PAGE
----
The study found that 50% of smartphone users were prepared to pay 20% more to get 5G and 50% of early adopters would pay 30% more. The data ‘is what it is’ but my comment would be that answering a survey question is easy. Taking 20% more out of your jeans to pay for something that is hard to measure (a better data experience) is a lot harder to make happen. The early adopters and fanboys will obviously pay more but there are not enough of them to build a mass-market 5G business case.

The third myth is about the persistence of the smartphone as the primary device for consumer consumption. The survey found that 50% of respondents think we will be using AR glasses by 2025. However, a solid 1/3 of those surveyed do not think AR glasses will be mainstream by mid-next decade. These results are not entirely surprising. The smartphone format has clearly run out of steam (replacement cycles are getting longer as consumers find less to get excited about in new models) and, as the industry experts Ericsson consulted pointed out, it is hard to do the kind of stuff that justifies 5G (holographic cat videos!) with a smartphone format. The latter comment is somewhat ‘back-to-front’ however: we need to believe AR glasses and holographic phones are the NEXT BIG THING! because otherwise we do not need all that bandwidth that 5G promises consumers. (Again, big fan of AR in industrial settings; more of a skeptic in the consumer market, at least in the near-term.)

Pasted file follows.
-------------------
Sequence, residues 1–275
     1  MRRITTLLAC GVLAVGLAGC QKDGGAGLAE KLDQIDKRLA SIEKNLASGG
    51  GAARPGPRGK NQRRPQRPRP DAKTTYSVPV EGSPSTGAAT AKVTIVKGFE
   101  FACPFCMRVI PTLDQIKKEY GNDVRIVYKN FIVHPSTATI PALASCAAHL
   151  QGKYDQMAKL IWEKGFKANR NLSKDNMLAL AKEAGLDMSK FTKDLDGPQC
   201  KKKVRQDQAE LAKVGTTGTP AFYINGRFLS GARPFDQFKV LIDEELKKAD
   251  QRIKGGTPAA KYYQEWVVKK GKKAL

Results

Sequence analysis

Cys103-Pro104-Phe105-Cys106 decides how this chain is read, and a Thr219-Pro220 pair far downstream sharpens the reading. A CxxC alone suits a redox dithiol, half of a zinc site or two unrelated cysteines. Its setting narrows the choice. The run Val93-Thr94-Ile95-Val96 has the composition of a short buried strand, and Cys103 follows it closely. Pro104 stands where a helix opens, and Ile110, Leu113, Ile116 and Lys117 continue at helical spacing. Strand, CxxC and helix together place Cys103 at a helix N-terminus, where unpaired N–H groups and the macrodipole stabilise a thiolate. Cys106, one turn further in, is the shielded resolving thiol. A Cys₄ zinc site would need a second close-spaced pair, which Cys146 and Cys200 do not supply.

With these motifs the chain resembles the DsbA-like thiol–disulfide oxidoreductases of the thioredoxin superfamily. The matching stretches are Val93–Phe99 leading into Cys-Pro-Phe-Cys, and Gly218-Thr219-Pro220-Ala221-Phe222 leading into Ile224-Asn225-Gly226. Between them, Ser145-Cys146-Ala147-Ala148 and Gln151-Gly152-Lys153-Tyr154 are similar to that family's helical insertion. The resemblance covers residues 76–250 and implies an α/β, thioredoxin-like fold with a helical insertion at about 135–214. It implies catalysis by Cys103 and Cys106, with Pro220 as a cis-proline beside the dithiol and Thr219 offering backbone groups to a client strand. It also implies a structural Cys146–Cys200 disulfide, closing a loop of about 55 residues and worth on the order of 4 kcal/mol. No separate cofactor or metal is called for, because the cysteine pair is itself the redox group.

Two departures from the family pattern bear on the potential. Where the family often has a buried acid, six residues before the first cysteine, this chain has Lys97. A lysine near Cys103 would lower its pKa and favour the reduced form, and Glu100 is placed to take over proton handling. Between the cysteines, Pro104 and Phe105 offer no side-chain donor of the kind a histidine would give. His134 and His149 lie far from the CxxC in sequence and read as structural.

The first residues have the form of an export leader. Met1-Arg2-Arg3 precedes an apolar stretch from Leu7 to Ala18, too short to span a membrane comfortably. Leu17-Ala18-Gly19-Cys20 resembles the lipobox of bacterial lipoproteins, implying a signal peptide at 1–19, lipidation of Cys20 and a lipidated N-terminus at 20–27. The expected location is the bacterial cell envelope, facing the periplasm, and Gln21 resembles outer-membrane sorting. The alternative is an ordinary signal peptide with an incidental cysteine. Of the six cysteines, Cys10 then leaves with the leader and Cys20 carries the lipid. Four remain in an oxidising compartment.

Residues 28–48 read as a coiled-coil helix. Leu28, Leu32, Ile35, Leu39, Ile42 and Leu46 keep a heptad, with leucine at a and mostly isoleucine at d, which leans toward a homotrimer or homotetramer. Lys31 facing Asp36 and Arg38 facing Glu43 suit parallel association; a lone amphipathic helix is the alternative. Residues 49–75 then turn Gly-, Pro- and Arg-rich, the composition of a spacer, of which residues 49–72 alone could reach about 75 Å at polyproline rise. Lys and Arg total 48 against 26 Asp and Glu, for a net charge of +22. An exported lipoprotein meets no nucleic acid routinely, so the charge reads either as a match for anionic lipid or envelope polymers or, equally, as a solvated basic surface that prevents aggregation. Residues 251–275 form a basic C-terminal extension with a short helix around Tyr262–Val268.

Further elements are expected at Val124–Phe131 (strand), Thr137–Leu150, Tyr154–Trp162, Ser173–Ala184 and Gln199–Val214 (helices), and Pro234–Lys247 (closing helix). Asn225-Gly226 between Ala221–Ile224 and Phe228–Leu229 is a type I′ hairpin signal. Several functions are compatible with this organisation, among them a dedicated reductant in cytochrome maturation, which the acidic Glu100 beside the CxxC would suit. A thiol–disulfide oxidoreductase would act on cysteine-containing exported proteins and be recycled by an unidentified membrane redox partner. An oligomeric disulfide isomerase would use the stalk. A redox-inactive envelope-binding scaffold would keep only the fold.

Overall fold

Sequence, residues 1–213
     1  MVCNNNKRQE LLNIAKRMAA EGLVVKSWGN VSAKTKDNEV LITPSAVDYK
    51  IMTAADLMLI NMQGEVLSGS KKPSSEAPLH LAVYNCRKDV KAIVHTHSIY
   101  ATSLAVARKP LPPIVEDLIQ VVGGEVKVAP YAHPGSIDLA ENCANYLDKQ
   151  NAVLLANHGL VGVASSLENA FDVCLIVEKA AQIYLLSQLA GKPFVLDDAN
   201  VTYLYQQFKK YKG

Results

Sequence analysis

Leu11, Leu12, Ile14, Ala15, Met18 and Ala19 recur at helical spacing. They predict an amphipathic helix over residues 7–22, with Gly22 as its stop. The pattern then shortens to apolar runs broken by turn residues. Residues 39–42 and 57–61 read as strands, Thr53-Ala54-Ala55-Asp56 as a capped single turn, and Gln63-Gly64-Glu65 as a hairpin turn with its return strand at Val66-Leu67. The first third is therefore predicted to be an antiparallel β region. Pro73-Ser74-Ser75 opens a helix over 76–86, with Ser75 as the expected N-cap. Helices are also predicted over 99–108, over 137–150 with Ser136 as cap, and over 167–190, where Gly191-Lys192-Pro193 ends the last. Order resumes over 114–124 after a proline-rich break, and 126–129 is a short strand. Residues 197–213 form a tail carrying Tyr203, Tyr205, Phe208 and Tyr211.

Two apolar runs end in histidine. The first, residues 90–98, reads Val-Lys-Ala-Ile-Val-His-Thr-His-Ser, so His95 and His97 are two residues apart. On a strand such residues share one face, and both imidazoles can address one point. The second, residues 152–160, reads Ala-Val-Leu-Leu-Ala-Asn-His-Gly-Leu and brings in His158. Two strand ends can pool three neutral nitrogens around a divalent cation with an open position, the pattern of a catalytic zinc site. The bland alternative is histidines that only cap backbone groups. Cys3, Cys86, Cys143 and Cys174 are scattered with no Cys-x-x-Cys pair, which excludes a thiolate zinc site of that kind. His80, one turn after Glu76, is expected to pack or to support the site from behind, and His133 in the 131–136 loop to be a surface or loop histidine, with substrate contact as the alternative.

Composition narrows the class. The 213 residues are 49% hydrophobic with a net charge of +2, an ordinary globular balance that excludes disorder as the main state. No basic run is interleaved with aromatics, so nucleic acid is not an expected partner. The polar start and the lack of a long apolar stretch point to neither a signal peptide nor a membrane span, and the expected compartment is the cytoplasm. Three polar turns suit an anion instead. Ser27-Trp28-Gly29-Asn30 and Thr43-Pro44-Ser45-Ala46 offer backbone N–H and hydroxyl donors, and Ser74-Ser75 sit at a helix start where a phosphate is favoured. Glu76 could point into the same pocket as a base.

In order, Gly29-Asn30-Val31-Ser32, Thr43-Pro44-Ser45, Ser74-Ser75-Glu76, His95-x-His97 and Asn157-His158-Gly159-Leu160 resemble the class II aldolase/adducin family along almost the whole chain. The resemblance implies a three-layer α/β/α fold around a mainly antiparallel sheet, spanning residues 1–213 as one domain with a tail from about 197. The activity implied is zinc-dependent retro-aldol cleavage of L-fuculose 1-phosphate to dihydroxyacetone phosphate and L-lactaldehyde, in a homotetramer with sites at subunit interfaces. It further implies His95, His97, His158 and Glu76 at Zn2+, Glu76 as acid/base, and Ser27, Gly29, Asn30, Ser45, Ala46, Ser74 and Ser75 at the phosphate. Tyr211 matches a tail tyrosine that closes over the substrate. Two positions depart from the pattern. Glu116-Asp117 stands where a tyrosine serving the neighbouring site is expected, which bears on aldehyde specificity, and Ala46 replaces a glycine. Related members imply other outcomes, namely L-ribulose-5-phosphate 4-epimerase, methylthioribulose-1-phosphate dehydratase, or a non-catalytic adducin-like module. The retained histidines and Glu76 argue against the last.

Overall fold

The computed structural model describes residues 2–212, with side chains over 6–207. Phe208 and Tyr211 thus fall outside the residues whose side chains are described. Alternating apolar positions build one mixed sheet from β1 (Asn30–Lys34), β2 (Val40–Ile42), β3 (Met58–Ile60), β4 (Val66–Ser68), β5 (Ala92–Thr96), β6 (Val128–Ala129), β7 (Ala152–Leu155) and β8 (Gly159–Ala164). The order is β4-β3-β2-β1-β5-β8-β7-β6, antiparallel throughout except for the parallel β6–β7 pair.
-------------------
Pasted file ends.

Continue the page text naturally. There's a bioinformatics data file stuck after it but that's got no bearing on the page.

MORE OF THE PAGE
The last statement – 4G usage patterns are not relevant for 5G – is something like a law of nature. Orders-of-magnitude improvements in performance give birth to new applications and new consumption patterns. It would be surprising if we gave users all the power of 5G and they did nothing new with it (tactile Internet cat videos!).

The survey respondents themselves seemed to find it hard to wrap their minds around the dawn of a “new day”. When asked about the features of a 5G subscription they replied with the same things they ask for in 4G plans today: bigger buckets, sharing, no contracts etc. When asked about features of a 5G smartphone, they asked for things they had already read about or were already available in other devices: foldable screens, 8K video, AI, better cameras.

But while that means that milquetoast business plans based on average 4G data consumption are inappropriate, we really do not know where this is going. It will be different, but how different? Different enough to adopt a ‘build-it-and-they-will-come’ strategy? Or just a bit different?

Yes, there are two paths you can go by / But in the long run

And will it be different regardless of whether or not 5G is deployed? Or do we need 5G to unleash the new applications? Will we watch holograms when 5G makes it possible or will we want holograms and then demand that our operators to give us 5G so that it works properly.

So far, there has been growth in data usage organically. More people have wanted more smartphones and when they get them they send more pictures, have more video chats, read more maps and watch more video (cat, streaming, live TV etc.).

The ‘more smartphones’ trend is apparently coming to an end. The ‘more data consumption per user’ seems to be slowing slightly but has not finished yet. The complaints that Ericsson heard about congestion in major urban centers shows that operators need a more spectrally efficient solution for current consumption. Today that is 5G.